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The Citizen

Leadership & Service Lessons: Race, Place, & Equity in California’s Central Valley

By Angie McPhaul, MPP2

Last spring, MPP1s Alicia Olivarez and Juana Hernandez designed and led the Leadership Service Seminar “Race, Place, and Equity: the California Central Valley.” Sponsored by HKS faculty member Marshall Ganz and funded by the Office of Degree Programs and Student Affairs and the Center for Public Leadership, the Leadership Service Seminar consisted of an on-campus study group and a week-long field visit to the California communities of Fresno, Merced, and Stockton.  The seminar engaged 12 students from across HKS degree programs in applying a racial equity framework to better understand complex social policy issue areas affecting the region. Here, one LSS participant, Angie McPhaul (MPP2) relays her experience and takeaways from the trip.

Right after finals last Spring, I packed my bags, alongside 11 other HKS’ers, for sunny Fresno, California. With one week, two vans, and many Central Valley natives as our guides, we sought to learn more about how issues of education and race play out in the agricultural center of California.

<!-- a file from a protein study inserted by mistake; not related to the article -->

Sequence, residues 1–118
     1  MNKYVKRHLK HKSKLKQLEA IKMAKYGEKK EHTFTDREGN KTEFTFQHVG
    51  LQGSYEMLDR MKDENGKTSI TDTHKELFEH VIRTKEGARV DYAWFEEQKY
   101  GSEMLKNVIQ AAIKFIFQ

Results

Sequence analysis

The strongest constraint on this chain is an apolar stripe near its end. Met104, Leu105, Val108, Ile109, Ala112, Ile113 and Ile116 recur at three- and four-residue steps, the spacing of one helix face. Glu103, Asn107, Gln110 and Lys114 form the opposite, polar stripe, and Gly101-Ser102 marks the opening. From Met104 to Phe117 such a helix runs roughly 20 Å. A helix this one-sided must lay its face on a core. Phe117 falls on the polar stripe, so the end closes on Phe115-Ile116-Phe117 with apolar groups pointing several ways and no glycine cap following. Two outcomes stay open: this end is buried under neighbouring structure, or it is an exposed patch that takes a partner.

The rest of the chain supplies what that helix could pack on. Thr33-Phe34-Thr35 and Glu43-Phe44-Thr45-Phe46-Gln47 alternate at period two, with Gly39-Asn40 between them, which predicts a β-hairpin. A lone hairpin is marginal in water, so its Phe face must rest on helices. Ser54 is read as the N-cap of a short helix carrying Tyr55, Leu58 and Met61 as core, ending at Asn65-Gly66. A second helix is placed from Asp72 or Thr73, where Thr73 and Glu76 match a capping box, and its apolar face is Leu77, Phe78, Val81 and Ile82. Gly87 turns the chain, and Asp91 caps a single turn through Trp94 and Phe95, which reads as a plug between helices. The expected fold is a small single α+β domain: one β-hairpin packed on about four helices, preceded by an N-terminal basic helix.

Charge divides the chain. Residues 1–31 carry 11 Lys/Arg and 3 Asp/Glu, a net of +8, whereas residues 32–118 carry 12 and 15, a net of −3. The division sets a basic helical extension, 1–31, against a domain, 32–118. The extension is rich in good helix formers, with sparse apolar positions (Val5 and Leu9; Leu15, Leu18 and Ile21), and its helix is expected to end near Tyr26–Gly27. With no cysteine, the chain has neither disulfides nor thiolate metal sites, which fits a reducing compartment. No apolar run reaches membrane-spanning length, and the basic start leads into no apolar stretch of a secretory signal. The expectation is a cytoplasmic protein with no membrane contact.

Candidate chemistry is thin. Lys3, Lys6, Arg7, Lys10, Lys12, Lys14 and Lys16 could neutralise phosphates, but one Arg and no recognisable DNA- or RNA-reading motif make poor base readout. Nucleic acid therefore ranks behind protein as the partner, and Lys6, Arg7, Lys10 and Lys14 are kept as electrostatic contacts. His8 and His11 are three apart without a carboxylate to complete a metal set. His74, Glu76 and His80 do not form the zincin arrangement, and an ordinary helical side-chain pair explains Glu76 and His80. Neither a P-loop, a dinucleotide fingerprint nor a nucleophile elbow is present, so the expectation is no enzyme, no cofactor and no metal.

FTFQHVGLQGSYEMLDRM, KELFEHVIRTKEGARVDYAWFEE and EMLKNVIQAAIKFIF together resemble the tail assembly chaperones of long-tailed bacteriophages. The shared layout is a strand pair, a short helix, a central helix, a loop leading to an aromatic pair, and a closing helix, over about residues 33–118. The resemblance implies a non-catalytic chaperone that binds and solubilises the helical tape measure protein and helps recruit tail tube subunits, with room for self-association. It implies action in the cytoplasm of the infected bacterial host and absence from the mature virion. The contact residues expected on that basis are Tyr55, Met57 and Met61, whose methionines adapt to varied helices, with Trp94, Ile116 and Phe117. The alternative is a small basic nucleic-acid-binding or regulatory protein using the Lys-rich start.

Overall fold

Over seven days, we met with stakeholders across the region, from a grant-making foundation to universities to student-led advocacy organizations. In our first visit, Sarah Reyes of The California Endowment made clear that compared to the urban centers in California, there is less philanthropic funding in the Central Valley region to support a vibrant nonprofit sector.

Partly in response to the more constrained availability of funding, those committed to education-related advocacy and programs in the Central Valley have become creative and rely on young people to lead a lot of work. Indeed, at 26, I was old compared to a number of the leaders we met.  For example, we met Miriam Hernandez at the Youth Leadership Institute, who, at 17, led a group of high school students in an advocacy campaign that changed the discipline policy in Fresno Unified School District. She and other students relentlessly lobbied the Board of Education to change the policy from one that relied on suspensions and expulsions for nonviolent discipline issues to one that employs restorative justice practices, which provides mental health and other counseling services to students.

We also met with Councilman Michael Tubbs of Stockton, California, who, when he was elected, was the youngest elected official in the nation.  He spoke passionately about his hometown and how the extent of Stockton’s challenges have required that unlikely coalitions come together to innovate.

And we were blown away by the college students we met at University of California, Merced. Students like Dalton Rogers and Gustavo Flores are stepping up to shape this newest University of California campus into one that is bold about supporting DREAMers and advancing community-based research in the Central Valley.

I walked away feeling very hopeful about the future of the Central Valley (and it wasn’t just because of all delicious meals and evening karaoke sessions).  I was heartened to see the type of authentic public-service leadership to which we aspire at HKS on display throughout Fresno, Merced, and Stockton.